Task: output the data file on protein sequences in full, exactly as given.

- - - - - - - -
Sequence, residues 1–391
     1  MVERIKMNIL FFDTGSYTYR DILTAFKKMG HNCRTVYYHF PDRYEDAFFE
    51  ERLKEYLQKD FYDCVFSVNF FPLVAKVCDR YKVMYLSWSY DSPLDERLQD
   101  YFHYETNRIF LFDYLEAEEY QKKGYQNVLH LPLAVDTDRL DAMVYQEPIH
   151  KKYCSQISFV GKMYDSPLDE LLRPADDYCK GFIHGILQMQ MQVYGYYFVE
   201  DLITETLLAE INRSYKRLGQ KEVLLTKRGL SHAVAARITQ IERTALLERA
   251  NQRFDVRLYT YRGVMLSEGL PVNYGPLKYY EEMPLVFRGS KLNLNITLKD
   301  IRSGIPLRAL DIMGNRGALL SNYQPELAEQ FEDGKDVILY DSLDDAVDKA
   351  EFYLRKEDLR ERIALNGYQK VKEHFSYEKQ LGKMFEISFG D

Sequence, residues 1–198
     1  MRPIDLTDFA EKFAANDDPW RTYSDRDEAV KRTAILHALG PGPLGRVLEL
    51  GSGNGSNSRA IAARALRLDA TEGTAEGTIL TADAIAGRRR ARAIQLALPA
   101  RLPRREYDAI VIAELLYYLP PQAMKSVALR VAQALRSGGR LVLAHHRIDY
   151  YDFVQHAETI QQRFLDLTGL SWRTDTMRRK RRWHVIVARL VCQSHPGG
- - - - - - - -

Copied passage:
Sequence, residues 1–391
     1  MVERIKMNIL FFDTGSYTYR DILTAFKKMG HNCRTVYYHF PDRYEDAFFE
    51  ERLKEYLQKD FYDCVFSVNF FPLVAKVCDR YKVMYLSWSY DSPLDERLQD
   101  YFHYETNRIF LFDYLEAEEY QKKGYQNVLH LPLAVDTDRL DAMVYQEPIH
   151  KKYCSQISFV GKMYDSPLDE LLRPADDYCK GFIHGILQMQ MQVYGYYFVE
   201  DLITETLLAE INRSYKRLGQ KEVLLTKRGL SHAVAARITQ IERTALLERA
   251  NQRFDVRLYT YRGVMLSEGL PVNYGPLKYY EEMPLVFRGS KLNLNITLKD
   301  IRSGIPLRAL DIMGNRGALL SNYQPELAEQ FEDGKDVILY DSLDDAVDKA
   351  EFYLRKEDLR ERIALNGYQK VKEHFSYEKQ LGKMFEISFG D

Sequence, residues 1–198
     1  MRPIDLTDFA EKFAANDDPW RTYSDRDEAV KRTAILHALG PGPLGRVLEL
    51  GSGNGSNSRA IAARALRLDA TEGTAEGTIL TADAIAGRRR ARAIQLALPA
   101  RLPRREYDAI VIAELLYYLP PQAMKSVALR VAQALRSGGR LVLAHHRIDY
   151  YDFVQHAETI QQRFLDLTGL SWRTDTMRRK RRWHVIVARL VCQSHPGG